One Member Invents an In-Ear Translator and Another Develops a Mobile Air Pollution Detection System

These and other innovations made headlines this month

26 December 2016

IEEE Member Sumeet Gupta received a Young Faculty Award from the U.S. Defense Advanced Research Projects Agency. The YFA program provides funding and mentoring to recipients early in their careers so they can develop their research to meet the Defense Department’s needs.

Gupta was recognized for his research proposal, “Ultra-Low Power Non-Volatile Processors Enabled by Ferroelectric Transistors”—a new electronic system that won’t require batteries for power but will instead draw energy from the environment. Ferroelectric materials have a spontaneous electric polarization that can be reversed by the application of an external electric field.

Gupta is an assistant professor of electrical engineering at Pennsylvania State University, in University Park. He is a member of the IEEE Electron Devices Society as well as the IEEE Young Professionals group.


Senior Member Mona Jarrahi has been named a Moore Inventor Fellow. Established this year by the Gordon and Betty Moore Foundation, the fellowship program recognizes early-career innovators at U.S. universities who are likely to “accelerate progress in scientific research, environmental conservation, and patient care.” Jarrahi will receive a total of US $825,000 during the next three years to further her research.

She is working to develop imaging technologies that use the terahertz (THz) part of the electromagnetic spectrum. THz radiation falls in between infrared and microwave radiation. The radiation is nonionizing and can penetrate body tissue, so it can potentially replace medical X-rays. THz imaging could reveal how the structure of a biomolecule is changed during a biological process.

Jarrahi, an associate professor of electrical engineering at the University of California, Los Angeles, is a member of the IEEE Antennas and Propagation, IEEE Electron Devices, IEEE Microwaves Theory and Techniques, and IEEE Photonics societies.


Member Andrew Ochoa was featured on Redbull.com for his work on the Pilot in-ear translation system.

The Pilot system, scheduled to launch in May, consists of a mobile app and two coin-size Bluetooth earpieces—one goes in your ear, the other in the ear of the person you are speaking to. The user talks into a smartphone’s microphone using his or her native language, then the Pilot app translates the words into the language of the conversation partner. The system can handle English, French, Italian, Spanish, and Portuguese, with additional languages expected to be added late next year.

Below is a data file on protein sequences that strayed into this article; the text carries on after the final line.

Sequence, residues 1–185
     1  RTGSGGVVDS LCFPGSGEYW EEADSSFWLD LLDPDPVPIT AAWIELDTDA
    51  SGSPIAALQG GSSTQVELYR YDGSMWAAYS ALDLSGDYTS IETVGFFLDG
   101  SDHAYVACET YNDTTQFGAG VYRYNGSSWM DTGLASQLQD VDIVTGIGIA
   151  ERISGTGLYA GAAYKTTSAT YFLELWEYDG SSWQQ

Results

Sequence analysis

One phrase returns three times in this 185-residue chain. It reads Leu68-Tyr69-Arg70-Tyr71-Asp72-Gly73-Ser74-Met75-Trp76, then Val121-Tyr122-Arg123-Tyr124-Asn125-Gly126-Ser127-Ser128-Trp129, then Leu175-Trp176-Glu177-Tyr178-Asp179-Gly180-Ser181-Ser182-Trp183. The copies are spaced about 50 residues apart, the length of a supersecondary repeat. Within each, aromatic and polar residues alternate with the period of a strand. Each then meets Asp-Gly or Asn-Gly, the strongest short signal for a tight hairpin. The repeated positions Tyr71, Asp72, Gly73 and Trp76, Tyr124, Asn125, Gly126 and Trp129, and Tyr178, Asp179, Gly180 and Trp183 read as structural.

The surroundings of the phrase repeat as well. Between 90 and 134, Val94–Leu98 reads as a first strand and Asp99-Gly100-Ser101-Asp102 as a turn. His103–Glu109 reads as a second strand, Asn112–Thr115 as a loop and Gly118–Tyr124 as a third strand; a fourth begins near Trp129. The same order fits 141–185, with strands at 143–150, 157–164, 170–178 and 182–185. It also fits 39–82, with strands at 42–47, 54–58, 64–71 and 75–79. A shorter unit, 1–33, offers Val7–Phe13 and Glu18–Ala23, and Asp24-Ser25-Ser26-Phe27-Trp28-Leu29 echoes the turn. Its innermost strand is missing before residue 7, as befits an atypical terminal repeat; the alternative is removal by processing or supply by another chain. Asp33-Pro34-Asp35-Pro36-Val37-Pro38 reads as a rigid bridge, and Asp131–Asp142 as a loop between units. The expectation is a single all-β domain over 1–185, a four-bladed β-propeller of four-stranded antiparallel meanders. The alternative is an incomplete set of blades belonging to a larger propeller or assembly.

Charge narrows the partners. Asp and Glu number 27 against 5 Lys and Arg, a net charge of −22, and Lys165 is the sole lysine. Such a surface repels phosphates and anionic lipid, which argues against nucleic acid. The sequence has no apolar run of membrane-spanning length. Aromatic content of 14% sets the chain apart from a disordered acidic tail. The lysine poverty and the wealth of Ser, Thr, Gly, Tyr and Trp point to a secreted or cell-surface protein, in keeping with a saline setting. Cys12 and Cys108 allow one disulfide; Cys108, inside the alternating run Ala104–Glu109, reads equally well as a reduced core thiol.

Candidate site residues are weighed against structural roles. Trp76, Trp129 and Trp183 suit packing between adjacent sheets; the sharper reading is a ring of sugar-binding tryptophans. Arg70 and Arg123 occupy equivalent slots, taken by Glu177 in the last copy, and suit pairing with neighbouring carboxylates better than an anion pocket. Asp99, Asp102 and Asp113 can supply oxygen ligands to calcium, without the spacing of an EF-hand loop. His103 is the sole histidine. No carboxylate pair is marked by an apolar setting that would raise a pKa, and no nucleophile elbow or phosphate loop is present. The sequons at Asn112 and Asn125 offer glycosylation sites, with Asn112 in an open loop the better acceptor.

Ochoa is CEO and director of product development at Waverly Labs, in New York City. The company raised US $3 million on Indiegogo, a crowdfunding site, to develop Pilot.


Senior Member Aydogan Ozcan was featured in the Daily Bruin for helping to develop a low-cost mobile imaging system that detects and determines the level of air pollution.

His research group at the University of California, Los Angeles, developed C-Air, a particle detector capable of determining the size of air pollutants as small as 1 micrometer.

Most air-particle detectors require lenses and other optical tools to function, making them too expensive for many pollution-detection applications. Ozcan’s group reduced the price of its detector by using digital holography microscopy, which enables a smartphone’s image sensors to mimic the effect of lenses computationally, eliminating the need for expensive optics.

Ozcan is a professor of electrical engineering and bioengineering at UCLA and associate director of the university’s California NanoSystems Institute. He is also a member of the IEEE Engineering in Medicine and Biology and IEEE Photonics societies.


Senior Member Massood Tabib-Azar was featured on Phys.org for developing a way to prevent power leakage from electronic devices.

People in the United States alone waste up to US $19 billion annually in electricity due to “vampire appliances”—digital devices in the home that suck power even when they’re turned off, according to the National Resources Defense Council.

Tabib-Azar and his team of engineers at the University of Utah, in Salt Lake City, have developed microscopic electronic switches for appliances and devices that instantly connect and disconnect electrical flow. With this new technology, smartphones and laptops could run at least twice as long on a single battery charge, and newer all-digital appliances, like televisions and video game consoles, could be more energy-efficient.

Tabib-Azar, a professor of electrical and computer engineering, is a member of the IEEE Council on Electronic Design Automation, the IEEE Electron Devices Society, the IEEE Instrumentation and Measurement Society, the IEEE Microwave Theory and Techniques Society, the IEEE Nanotechnology Council, and the IEEE Sensors Council.

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